In some ways, I am extremely upset with how far digital technologies has come in recent years. In some ways I feel like the “Human Touch” has gone away and that we rely too much on technologies to give us the satisfaction of some things that we know are irreplaceable. For me personally, maybe because I have a History Major and enjoy the arts and the “finer things in life”(is it really though? Can’t anyone enjoy it?), I think being in a space where past, present and future collide is such an exciting thought. What saddens me is that everything is now virtually available. You can literally take our classroom around the work in 90 minutes and pay peanuts to get them a first class seat to any exhibition. Cost Affective? Yes. Worth it? Debatable. Are you allowing your students to be exposed to a new place – let’s face it, not many parents are prone to taking their children to a museum on the weekend. For many students this might be only time they get to visit such an open space. Of budgets don’t have money to take every student in the school to a museum every month, but if we stop spending money on pizza parties for students reading 50 books, don’t you think something a little more educational might be the prize? Food for thought – literally.
Museums have always been given a bad rep. They’re boring, they’re filled with “old stuff”, there’s too much walking, there’s nothing “cool” are all excuses of students are uninformed, disengaged and haven’t had a chance to appreciate the fieldtrip entirely. There isn’t much a teacher can do to get everyone on board with such a fieldtrip, but there are things we can do to give students a chance to physically explore the space for themselves. I enjoyed the creativity behind the article ‘8 Ways to Liven Up the Museum’ and I think that there should be sort of fun way to engage your students throughout the entirety of the Fieldtrip experience. Why make students board with information they might not particularly care about and let them do their own exploring within the museum and have them report back to the class with a project where they are the curator and are taking the class on a tour of the art piece. We know students love their technology and lets’ face it, most of them will have their electronic devices out for the duration of the trip, why not allow them to use their devices to take a “selfie” with a famous art piece or some cool exhibit? Why not let them find out more information about something that interreges them as they move around? I also liked the idea of doing a scavenger hunt while at the museum. Instead of giving your class a boring worksheet similar to the(rather uhm interesting?) one that we got at the Museum, why not give students something fun the day before so they know what they are looking for and get familiar with what they will see when they arrive. When it comes to doing worksheets with your class, I would strongly suggest staying away from it. I find that student’s get too focused on the worksheets to actually enjoy the experience around them. Maybe allow them to have a have walk through of the museum or the space first so that they can see what they enjoy and maybe find things for themselves. If some students finish ahead of time allow those student to go back in the exhibition with the worksheet to find the answer. Sometimes it might even be better to have a very basic worksheet so that students can share what they learned with you instead of having them learn only what is on the page. This could be done one a simple sheet that they have to complete by participating in a scavenger hunt so they can “crack a code” to the topic of the reflection they are going to write about following the fieldtrip. Again, I would suggest that you allow the students to have their own time first and then to give the worksheet to students. I think one of the biggest problems is that we give students the opportunity to maybe see these things, but we never tell them what to do with this information – what was the point of taking this trip. Whether it be for Social Studies, English or even Science there is value in giving students a chance to explore a physical setting – what matters the most, is having students interpret their findings and showing them how to incorporate it into our learning’s. I think that even at the middle years level students need a guide to make the connections between the past, the present and future. When students are given clear directions and instructions they have more time to appreciate the work around them and to make their own bridges with the message in the fieldtrip.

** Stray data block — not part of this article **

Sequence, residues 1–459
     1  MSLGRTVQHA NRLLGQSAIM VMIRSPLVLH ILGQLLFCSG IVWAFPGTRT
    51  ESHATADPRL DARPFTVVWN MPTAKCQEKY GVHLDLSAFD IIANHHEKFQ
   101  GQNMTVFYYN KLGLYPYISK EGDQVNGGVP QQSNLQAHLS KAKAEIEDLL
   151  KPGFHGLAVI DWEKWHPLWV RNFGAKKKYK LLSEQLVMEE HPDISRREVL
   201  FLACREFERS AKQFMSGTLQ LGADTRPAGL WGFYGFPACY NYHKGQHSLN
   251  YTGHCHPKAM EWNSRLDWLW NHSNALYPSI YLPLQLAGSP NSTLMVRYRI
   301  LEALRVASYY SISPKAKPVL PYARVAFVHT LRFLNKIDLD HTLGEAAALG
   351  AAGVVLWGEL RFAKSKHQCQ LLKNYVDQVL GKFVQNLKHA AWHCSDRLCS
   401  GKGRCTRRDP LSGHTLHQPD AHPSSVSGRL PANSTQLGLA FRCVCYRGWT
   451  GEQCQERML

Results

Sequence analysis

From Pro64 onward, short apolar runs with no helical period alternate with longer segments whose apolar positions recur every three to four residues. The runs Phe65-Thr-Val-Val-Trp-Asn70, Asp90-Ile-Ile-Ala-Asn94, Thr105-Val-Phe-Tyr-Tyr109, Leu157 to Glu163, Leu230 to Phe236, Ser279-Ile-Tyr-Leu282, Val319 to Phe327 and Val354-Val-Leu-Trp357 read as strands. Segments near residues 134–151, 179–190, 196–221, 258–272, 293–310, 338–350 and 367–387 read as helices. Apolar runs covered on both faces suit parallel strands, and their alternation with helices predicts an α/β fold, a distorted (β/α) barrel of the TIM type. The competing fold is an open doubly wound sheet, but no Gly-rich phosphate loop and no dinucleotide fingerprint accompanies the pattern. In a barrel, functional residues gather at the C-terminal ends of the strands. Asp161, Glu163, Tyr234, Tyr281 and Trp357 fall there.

Asides from the obvious problem of having students who don’t listen and having to pay an arm and a leg for the fieldtrip, I don’t see what reasons teachers can make for not bringing their students to on any fieldtrip. I noticed that even us as adults visiting the museum, we tend to get loud and somewhat distracted – it’s obvious that students will have it worst than that. Is there a proper way to gage the issue? I don’t know, but I don’t agree with the idea of not taking students on a fieldtrip to avoid management issues. We learn through exploring, we explore with our senses.